Since the 1980s, a Ugandan rebel group calling themselves the Lord’s Resistance Army (LRA) has been raping and murdering civilians and turning young children into killing machines in an area of Africa that includes the Central African Republic, the Democratic Republic of the Congo, the new state of South Sudan and western Uganda.

Ambassador CarsonIn October, President Barack Obama decided to send 100 Special Forces to try and eliminate the LRA and its leader Joseph Kony. On Wednesday, Assistant Secretary of State Johnnie Carson, at a talk at the U.S. Institute of Peace in Washington, DC, said US troops sent to Uganda would not engage in combat operations themselves and that the US interest is humanitarian.

“We believe the LRA’s actions are an affront to human dignity and a threat to regional stability,” he said.

He also clarified that despite “some confusion in the media” and “conspiracy theories in the press” the deployment is “focused on the LRA and the LRA only.”

Carson said the US troops are there in a supportive and advisory role to help the forces of the four countries to develop the military skills to wipe out the LRA, which currently has about 150 to 200 troops - thanks to Uganda’s military forces, which have killed and captured a number of officers. The last time U.S. troops were sent to an African conflict zone was in 2003 when a group of marines was sent to Liberia.

Last month, the African Union formally declared the LRA a terrorist group, and pushed for the United Nations Security Council to do the same, marking the first time Africa's security body has issued such a statement. Kony was indicted by the International Criminal Court in 2005 on war crimes charges, but has remained on the loose.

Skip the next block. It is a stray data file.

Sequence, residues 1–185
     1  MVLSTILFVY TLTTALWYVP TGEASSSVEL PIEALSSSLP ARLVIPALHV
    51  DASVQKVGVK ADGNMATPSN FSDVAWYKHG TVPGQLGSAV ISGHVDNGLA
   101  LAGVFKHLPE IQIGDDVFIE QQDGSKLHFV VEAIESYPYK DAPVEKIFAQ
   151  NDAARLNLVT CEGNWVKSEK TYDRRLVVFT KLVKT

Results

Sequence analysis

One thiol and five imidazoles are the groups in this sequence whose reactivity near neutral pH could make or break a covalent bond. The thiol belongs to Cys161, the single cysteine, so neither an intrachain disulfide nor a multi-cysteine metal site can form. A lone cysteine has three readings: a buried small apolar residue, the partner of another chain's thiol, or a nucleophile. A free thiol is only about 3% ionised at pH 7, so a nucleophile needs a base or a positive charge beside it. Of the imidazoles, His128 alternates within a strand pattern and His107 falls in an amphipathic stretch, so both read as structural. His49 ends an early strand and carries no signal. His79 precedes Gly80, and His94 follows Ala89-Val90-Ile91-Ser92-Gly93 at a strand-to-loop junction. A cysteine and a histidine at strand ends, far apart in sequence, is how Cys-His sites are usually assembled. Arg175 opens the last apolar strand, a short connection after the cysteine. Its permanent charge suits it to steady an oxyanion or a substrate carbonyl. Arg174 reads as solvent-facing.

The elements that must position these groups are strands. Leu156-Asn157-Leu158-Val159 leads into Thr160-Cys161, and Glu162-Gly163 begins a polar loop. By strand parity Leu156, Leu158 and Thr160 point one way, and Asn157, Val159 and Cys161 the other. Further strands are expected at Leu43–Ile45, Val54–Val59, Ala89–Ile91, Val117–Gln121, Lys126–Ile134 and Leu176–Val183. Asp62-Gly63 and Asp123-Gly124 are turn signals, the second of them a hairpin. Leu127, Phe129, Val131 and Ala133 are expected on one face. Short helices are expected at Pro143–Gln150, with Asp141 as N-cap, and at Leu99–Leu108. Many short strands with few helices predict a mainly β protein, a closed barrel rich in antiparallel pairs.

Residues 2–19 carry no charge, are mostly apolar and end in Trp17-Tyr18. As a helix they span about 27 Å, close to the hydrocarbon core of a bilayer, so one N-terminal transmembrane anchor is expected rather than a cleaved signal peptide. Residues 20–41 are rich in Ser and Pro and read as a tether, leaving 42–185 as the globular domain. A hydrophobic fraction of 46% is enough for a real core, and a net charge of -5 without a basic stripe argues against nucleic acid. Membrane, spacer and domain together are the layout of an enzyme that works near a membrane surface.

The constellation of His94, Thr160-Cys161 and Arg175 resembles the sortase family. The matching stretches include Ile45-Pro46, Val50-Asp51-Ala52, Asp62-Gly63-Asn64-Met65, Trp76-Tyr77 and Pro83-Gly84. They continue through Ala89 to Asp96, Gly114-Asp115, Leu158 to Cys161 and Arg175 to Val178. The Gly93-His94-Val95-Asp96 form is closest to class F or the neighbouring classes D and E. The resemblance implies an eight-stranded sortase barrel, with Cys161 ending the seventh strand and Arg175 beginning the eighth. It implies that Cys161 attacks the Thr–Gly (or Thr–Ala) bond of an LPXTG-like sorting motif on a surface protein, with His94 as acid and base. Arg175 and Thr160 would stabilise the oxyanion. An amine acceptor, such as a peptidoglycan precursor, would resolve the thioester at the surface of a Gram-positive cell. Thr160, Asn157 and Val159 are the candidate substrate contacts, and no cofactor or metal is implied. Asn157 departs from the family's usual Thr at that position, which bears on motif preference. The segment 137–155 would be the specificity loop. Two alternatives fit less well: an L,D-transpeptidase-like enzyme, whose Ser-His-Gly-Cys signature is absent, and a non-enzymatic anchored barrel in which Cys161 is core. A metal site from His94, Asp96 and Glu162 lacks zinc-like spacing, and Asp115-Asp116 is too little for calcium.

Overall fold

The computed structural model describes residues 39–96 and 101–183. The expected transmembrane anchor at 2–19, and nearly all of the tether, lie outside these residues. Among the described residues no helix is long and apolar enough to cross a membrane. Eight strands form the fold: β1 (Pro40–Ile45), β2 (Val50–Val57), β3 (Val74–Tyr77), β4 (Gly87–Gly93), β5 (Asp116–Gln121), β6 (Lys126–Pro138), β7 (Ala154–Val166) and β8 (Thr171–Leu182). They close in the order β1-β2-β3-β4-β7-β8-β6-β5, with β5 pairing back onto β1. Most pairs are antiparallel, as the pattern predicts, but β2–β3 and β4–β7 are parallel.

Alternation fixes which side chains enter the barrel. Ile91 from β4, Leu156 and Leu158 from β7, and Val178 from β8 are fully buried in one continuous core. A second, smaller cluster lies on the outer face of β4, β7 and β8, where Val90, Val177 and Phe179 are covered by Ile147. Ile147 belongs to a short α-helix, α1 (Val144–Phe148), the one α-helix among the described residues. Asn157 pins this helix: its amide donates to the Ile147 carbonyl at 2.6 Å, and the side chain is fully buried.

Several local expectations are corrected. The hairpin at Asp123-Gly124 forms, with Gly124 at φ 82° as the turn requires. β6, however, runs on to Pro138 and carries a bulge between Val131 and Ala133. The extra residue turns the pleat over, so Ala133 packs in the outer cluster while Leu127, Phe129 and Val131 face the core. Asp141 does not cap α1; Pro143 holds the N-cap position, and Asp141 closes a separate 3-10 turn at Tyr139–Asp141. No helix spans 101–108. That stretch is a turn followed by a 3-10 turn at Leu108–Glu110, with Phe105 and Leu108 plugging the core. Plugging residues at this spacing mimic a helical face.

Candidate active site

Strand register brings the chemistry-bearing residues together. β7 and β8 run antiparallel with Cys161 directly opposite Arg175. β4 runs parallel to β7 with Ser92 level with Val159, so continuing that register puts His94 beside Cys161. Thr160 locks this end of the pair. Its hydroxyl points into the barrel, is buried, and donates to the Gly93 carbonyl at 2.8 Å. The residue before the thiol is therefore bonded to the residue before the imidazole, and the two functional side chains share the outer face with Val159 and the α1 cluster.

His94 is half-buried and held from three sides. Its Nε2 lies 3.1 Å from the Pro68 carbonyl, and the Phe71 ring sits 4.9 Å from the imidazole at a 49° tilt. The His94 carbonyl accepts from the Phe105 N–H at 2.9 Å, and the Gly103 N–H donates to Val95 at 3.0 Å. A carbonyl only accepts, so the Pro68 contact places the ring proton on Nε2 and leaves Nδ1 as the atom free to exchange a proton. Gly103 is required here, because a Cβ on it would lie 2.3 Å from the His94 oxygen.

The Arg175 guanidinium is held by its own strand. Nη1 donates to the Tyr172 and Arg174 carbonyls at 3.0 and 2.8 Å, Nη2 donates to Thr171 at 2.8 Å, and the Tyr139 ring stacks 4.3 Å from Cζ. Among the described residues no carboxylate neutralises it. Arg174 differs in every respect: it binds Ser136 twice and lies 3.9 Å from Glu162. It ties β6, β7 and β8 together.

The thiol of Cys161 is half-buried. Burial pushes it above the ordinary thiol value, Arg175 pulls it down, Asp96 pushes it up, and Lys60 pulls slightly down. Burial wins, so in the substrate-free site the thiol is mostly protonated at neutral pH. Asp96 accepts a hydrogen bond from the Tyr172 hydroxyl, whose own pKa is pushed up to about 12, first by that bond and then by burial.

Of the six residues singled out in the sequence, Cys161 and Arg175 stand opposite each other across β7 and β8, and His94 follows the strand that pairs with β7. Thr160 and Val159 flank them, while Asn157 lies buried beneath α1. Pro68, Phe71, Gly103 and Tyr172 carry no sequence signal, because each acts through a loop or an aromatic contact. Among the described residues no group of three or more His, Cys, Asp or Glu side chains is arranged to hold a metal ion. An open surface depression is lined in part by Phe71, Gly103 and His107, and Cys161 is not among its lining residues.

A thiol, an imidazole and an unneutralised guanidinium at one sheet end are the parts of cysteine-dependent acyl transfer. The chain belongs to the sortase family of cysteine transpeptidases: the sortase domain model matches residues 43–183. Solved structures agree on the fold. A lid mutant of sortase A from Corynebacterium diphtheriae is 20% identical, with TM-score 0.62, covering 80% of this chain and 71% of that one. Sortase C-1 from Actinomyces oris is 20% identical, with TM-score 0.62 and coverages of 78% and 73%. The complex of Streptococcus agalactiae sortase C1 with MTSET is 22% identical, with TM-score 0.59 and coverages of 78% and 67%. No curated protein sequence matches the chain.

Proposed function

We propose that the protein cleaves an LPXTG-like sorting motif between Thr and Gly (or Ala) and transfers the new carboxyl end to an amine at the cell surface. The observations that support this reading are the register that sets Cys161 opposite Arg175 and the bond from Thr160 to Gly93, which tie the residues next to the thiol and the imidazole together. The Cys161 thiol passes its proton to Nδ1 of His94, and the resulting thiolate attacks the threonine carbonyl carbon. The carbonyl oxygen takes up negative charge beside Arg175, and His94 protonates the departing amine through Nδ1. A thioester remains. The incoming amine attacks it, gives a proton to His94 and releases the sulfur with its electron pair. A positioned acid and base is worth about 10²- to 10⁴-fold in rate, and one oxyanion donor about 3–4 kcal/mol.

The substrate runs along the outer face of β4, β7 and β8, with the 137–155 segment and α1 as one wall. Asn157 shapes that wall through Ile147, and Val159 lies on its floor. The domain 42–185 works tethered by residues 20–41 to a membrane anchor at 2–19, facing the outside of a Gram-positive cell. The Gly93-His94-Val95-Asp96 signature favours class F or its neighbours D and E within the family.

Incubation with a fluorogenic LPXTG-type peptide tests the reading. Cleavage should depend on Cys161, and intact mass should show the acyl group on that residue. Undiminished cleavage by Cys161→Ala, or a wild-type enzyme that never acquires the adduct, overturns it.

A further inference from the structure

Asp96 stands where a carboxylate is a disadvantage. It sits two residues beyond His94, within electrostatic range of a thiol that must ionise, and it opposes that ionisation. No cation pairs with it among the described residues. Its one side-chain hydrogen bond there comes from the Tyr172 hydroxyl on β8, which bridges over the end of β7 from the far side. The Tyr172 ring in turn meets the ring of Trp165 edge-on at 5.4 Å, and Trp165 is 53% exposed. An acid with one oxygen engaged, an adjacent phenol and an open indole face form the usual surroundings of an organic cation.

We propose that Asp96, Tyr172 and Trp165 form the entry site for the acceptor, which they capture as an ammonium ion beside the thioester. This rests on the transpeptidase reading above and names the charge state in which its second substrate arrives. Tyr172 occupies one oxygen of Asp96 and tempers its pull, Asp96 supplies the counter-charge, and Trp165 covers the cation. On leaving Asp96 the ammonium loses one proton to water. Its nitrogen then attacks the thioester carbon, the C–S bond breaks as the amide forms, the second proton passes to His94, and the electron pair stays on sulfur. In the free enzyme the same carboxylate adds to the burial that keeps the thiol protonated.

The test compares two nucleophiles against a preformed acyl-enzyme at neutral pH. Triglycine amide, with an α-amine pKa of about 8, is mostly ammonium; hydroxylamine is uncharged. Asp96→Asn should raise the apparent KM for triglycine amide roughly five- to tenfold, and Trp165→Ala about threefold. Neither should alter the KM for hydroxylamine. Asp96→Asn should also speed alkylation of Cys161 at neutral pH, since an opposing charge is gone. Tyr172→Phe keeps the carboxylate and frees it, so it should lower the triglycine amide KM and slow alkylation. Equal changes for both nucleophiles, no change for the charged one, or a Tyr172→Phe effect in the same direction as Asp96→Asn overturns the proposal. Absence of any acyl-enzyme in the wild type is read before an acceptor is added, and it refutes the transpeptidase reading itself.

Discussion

In Secretary-General Ban Ki-moon’s report to the UN Security Council last month, he said that regional military operations against the LRA must continue, but acknowledged that national militaries in the region did not have the resources and capabilities to deal with the problem.

There are a number of challenges to this mission, Carson said. The LRA are operating in small groups across densely forested and jungle terrain in one of the least developed regions in Africa without even basic roads and telecommunications.

Carson urged LRA fighters and abductees to defect and escape and told the story of two pregnant women who courageously escaped from the LRA in the middle of the night. “They walked for four days, crossing three rivers,” he explained.

Those who escape will be given help and repatriated back to their communities, he assured, “A future free of the LRA is possible.”

(Photo © DR)